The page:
A class-E amplifier consists of a single switching device with a carefully tuned output network. The voltage derivative, close to the timing point when the device is switched off, is designed to be very small (so-called Zero Voltage Switching, ZVS) so that potential static losses are kept very low. Also for this amplifier the theoretical maximum efficiency is 100%.

One of the characteristics of class-E is that large voltage peaks occur; thus, care must be taken to avoid high voltages across the CMOS device, as the breakdown voltage of CMOS devices is relatively low.


A class-F amplifier is basically an amplifier with a current that approaches a half-wave rectified sine wave, and a voltage that approaches a maximally flat shape. Tuning a limited number of odd-order harmonics of the fundamental signal is used to achieve this. Two different structures are in use for class-F design, depending on which harmonics are seen at the drain: Regular class-F for odd-order harmonics, that is, the voltage is approximately maximally flat, and inverse class-F for even harmonics, i.e. a half-wave rectified sine wave-shaped drain voltage and a maximally flat shaped drain current (Raab, 2001). It must be noted that the inherent pulse shaping makes this amplifier less suitable for e.g. Pulse Width Modulated (PWM) input signals (Sjöland et al., 2009).

All three amplifier classes depend to some extent on a frequency-selective output network. Thus, their operation cannot be considered broadband. Either they can only be used in a narrow, specific frequency range, or each amplifier’s behavior may show significant differences depending on the frequency of operation.

Research is progressing into variable output networks, where digital control signals are used to e.g. change the frequency of operation, or reconfigurable PAs, as well as output networks allowing for concurrent multi-band operation (Colantonio et al., 2008). In such digitally assisted systems the use of CMOS technology, also for the PA, may lead to a higher level of integration. This will be addressed more extensively in the section on transmitter architectures.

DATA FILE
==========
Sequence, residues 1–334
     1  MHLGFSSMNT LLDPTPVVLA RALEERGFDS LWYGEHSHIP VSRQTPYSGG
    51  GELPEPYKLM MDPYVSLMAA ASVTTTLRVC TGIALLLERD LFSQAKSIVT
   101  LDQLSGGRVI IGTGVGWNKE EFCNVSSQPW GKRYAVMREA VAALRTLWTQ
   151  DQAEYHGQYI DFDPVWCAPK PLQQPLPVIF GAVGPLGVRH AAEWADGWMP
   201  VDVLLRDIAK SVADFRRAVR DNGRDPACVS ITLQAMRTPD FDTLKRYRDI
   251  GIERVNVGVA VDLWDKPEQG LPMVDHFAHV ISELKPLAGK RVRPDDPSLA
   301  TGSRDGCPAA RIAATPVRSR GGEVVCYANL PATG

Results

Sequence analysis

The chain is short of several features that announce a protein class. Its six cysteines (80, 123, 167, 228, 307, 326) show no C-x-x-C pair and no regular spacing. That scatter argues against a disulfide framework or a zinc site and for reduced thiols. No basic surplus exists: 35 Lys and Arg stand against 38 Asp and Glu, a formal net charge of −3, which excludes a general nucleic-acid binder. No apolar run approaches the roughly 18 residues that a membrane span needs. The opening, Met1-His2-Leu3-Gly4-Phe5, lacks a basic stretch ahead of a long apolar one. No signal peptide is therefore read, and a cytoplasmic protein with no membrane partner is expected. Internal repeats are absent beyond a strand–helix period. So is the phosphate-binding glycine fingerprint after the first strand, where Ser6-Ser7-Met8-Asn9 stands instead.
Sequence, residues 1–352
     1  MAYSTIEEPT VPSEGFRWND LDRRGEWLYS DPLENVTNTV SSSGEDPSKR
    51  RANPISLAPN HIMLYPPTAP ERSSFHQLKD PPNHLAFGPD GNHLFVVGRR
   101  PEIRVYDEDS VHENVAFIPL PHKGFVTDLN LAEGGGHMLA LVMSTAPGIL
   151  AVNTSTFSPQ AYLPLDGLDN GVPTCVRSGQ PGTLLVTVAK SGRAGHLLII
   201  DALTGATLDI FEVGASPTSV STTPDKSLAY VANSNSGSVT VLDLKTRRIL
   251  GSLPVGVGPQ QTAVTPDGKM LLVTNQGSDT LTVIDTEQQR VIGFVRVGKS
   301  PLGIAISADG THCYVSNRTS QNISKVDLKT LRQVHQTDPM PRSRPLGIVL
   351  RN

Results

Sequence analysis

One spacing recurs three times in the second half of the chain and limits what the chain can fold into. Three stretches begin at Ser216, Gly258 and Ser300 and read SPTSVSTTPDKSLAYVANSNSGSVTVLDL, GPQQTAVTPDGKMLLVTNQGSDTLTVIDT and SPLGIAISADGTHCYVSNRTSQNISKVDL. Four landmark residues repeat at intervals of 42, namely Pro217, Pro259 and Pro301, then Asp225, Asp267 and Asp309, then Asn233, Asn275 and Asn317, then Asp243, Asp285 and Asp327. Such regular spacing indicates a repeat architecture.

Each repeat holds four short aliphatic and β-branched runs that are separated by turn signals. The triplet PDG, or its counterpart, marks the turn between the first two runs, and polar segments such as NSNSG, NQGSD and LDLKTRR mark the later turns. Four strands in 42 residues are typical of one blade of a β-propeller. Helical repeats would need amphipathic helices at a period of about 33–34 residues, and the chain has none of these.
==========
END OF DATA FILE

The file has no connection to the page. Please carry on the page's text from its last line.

3.2. CMOS PA implementations

By the mid-1990s, the first publications on integrated CMOS PAs for RF appeared. These works initially focused on more or less linear amplifier structures such as class A, AB, B or C, but research has since then focused more on the switched-mode class-D, E and F, as higher clocking or switching speeds became available with improvements in CMOS technology.

Su and McFarland (1997) presented a 0.8µm CMOS SM amplifier consisting of four stages with the final stage in switched-mode. A Power-Added Efficiency (PAE) of 42% was achieved at 850MHz with a 2.5V supply, and largely off-chip input and output matching networks were used. Yoo and Huang (2001) presented a 0.25µm CMOS class-E PA, using a finite DC feed inductor to reduce the peak voltage over the device, as well as Common Gate (CG) switching instead of the more usual Common Source (CS) structure. These strategies allow for a higher supply voltage to be used, thus reducing the necessity for a low load impedance.

Reynaert and Steyaert (2005) have presented a fully integrated 0.18µm CMOS class-E PA, consisting of three stages and including supply modulation to provide amplitude variation. A PAE of 34% was achieved for an output power of 23.8 dBm, using a supply voltage of 3.3 V and extra thick gate oxide for the final stage.